The Tres Reyes is a very nice hotel set just off the Plaza del Castillo and some beautiful parks, churches and restaurants. Walking distance to most everything. Our original plan was to walk to the University, although in hind sight with the heat I’m pretty sure I would have vetoed that plan anyway; but as it turned out, all of our detours caused us to get to the hotel at about 1:00 – just enough time to get to our rooms, clean up a little, and get to the University. Not even time for lunch, and I’m hungry. And trust me, you don’t like me when I’m hungry. But I’m a good wife, so smile on the face, into the cab and off we go.
I thought Brian was going to jump out of his pants with excitement as we entered the hallowed grounds of the University of Navarra, a private Catholic University. “Wow” he said “It’s changed a lot”. There used to be only one main building and a library, now they had an Art Building, an Engineering building, it was huge. At last Professor Alban d’Entremont arrives. Alban is not Spanish, he’s actually from Canada, but has lived in Pamplona and taught at the University for many years. He later tells us that the student body has grown from 2,500 when Brian went there to over 25,000 students. They are thrilled to see each other. After hugs, introductions and handshakes, thank goodness the first order of business was to go to the cafe and have a coffee, and hamburger. Yeah, Lindy gets to eat!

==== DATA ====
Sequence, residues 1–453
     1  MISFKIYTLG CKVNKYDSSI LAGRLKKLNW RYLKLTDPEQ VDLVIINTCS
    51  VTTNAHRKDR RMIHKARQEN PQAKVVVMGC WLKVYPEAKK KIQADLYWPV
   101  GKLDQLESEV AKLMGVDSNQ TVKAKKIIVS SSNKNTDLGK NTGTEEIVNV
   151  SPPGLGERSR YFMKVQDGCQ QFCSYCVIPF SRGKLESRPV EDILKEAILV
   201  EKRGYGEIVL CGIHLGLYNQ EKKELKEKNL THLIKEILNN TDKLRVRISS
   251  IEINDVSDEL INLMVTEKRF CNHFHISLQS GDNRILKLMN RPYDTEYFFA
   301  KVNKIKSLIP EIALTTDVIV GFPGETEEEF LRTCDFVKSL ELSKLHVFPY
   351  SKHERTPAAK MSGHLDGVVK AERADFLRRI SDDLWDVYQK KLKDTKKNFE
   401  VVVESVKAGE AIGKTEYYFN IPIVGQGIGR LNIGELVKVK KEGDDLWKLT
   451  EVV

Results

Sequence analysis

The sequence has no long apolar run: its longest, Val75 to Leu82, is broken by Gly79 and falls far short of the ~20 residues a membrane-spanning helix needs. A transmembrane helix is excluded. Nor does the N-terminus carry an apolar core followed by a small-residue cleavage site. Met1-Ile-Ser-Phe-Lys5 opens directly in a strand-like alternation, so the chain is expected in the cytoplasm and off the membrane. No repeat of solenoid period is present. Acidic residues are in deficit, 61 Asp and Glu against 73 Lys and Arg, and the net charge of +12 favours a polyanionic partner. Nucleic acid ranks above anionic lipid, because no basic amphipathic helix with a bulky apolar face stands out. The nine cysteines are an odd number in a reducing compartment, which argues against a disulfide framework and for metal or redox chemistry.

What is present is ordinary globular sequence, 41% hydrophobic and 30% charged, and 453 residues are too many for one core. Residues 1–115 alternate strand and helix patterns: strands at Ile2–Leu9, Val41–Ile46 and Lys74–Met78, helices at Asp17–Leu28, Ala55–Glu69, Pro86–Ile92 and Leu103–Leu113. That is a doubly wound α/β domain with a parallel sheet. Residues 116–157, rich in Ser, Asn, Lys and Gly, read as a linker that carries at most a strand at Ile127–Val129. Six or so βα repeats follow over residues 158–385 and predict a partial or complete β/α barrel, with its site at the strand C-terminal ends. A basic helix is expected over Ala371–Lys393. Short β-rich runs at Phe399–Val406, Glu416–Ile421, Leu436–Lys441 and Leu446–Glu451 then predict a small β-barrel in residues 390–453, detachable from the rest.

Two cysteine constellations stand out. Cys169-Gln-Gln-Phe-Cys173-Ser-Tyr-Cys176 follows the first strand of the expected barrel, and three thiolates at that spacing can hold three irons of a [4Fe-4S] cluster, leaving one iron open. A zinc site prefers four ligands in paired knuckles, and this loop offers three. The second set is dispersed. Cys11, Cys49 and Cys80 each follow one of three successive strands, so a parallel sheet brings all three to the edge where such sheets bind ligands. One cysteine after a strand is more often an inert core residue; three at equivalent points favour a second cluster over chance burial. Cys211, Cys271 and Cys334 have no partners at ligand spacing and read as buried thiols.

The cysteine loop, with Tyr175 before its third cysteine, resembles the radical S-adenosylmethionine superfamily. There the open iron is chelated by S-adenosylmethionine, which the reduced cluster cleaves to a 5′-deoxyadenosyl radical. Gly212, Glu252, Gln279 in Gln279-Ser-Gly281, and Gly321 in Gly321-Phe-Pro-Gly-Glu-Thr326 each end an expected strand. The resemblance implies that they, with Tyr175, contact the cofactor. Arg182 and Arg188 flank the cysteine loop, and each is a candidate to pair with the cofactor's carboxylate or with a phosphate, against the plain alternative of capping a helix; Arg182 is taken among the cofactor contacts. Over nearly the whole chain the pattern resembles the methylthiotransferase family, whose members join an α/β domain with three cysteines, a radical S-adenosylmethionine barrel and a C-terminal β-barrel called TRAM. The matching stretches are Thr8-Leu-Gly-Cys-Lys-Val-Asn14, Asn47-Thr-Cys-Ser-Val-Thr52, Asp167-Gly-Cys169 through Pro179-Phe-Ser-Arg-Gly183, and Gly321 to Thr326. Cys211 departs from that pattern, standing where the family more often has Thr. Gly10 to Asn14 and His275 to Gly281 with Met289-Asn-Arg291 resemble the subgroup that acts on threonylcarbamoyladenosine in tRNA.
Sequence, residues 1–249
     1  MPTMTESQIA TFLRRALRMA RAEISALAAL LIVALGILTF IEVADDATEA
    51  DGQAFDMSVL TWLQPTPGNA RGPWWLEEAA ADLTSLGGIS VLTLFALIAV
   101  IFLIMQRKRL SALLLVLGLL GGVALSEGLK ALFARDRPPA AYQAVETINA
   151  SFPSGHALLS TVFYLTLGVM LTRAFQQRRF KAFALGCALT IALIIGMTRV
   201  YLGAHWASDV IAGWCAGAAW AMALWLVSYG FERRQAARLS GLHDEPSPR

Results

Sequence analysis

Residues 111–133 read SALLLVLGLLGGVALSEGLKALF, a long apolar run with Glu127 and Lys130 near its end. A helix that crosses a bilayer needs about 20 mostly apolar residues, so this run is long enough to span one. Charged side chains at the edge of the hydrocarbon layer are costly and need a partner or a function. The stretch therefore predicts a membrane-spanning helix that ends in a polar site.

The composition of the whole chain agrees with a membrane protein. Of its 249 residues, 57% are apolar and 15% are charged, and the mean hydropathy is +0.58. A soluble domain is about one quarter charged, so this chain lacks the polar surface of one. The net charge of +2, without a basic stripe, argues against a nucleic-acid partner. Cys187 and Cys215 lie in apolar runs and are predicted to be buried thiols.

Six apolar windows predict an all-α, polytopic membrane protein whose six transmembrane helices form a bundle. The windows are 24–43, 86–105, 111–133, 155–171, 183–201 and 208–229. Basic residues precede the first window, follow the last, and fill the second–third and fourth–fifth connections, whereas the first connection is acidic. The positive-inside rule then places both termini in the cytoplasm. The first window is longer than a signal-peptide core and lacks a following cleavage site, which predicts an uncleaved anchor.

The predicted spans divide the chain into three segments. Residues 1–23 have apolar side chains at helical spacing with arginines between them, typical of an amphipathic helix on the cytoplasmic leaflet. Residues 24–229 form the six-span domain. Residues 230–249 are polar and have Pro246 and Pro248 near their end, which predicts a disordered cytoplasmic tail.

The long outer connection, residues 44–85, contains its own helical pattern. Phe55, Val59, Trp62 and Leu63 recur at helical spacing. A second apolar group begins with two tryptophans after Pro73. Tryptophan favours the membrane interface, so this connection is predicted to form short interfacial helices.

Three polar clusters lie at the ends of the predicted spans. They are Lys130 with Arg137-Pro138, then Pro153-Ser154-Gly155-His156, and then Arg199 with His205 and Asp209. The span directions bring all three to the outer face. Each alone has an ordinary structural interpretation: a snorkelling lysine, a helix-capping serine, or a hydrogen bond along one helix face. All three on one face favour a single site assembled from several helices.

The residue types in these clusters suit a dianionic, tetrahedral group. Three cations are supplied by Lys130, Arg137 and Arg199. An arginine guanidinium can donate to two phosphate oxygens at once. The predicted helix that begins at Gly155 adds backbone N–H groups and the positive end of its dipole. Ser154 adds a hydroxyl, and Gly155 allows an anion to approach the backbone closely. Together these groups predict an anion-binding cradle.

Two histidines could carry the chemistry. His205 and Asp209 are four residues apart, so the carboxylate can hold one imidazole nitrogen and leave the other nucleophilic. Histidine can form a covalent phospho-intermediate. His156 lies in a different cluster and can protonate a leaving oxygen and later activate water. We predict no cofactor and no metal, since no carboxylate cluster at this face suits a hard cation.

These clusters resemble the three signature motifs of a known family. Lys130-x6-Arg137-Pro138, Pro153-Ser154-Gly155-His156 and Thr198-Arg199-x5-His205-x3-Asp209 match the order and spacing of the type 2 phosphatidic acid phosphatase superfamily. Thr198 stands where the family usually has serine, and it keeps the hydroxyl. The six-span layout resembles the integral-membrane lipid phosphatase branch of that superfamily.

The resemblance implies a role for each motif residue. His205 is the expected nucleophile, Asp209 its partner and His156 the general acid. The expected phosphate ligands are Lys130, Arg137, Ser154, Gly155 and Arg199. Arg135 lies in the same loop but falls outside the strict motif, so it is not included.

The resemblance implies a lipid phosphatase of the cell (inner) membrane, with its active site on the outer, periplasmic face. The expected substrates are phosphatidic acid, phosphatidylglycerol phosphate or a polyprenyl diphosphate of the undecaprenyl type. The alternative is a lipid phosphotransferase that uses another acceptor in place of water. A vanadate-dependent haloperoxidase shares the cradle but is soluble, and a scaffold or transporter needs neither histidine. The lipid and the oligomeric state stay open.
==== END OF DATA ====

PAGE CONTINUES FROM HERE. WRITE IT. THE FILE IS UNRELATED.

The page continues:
After a rather interesting hamburger, a couple of fairly unseasoned thin patties on a roll (they had run out of hamburger buns, so they put it on a baguette, not the best way to eat a burger, the burger being round and the baguette being long and skinny – but hey – it’s a University and University students will eat anything); we set off on an interesting tour of the school grounds.
Once the tour was done, Alban, who had taken the rest of the day off, said he was going to show us the town. And show us the town, he did.
While we didn’t want to be involved in watching the running of the bulls, we did want to go to where they ran. So that was stop #1.
As we continued to walk through the city, Alban pointed out many interesting sites and told us the history of some of the buildings.
We end up at the Plaza Del Castillo at the Cafe Iruna, of Ernest Hemingway fame. And also of Brian Baker fame, as apparently they both spent many hours at the Cafe enjoying a beer or two or three as the case may be. As we sit to visit, Trevor and Evan decide to go off to see all the other shops that surround the Plaza. I never knew a boy that likes to shop as much as Evan. Every time we got near a store, he wanted to go in to see what they had. But off they went. We talked. After a bit, Trevor comes back with a big grin. He got himself a Cuban cigar. A real, authentic Cuban cigar. And using his father’s strategic instructions, he negotiated a deal, in Spanglish. Yes, the boy was proud of himself.
Once our tour was done, we returned to the hotel for much needed showers and a few hours of peace and quiet, and cool a/c. We had some time since, as you remember, no one eats before 9:00 and that’s early.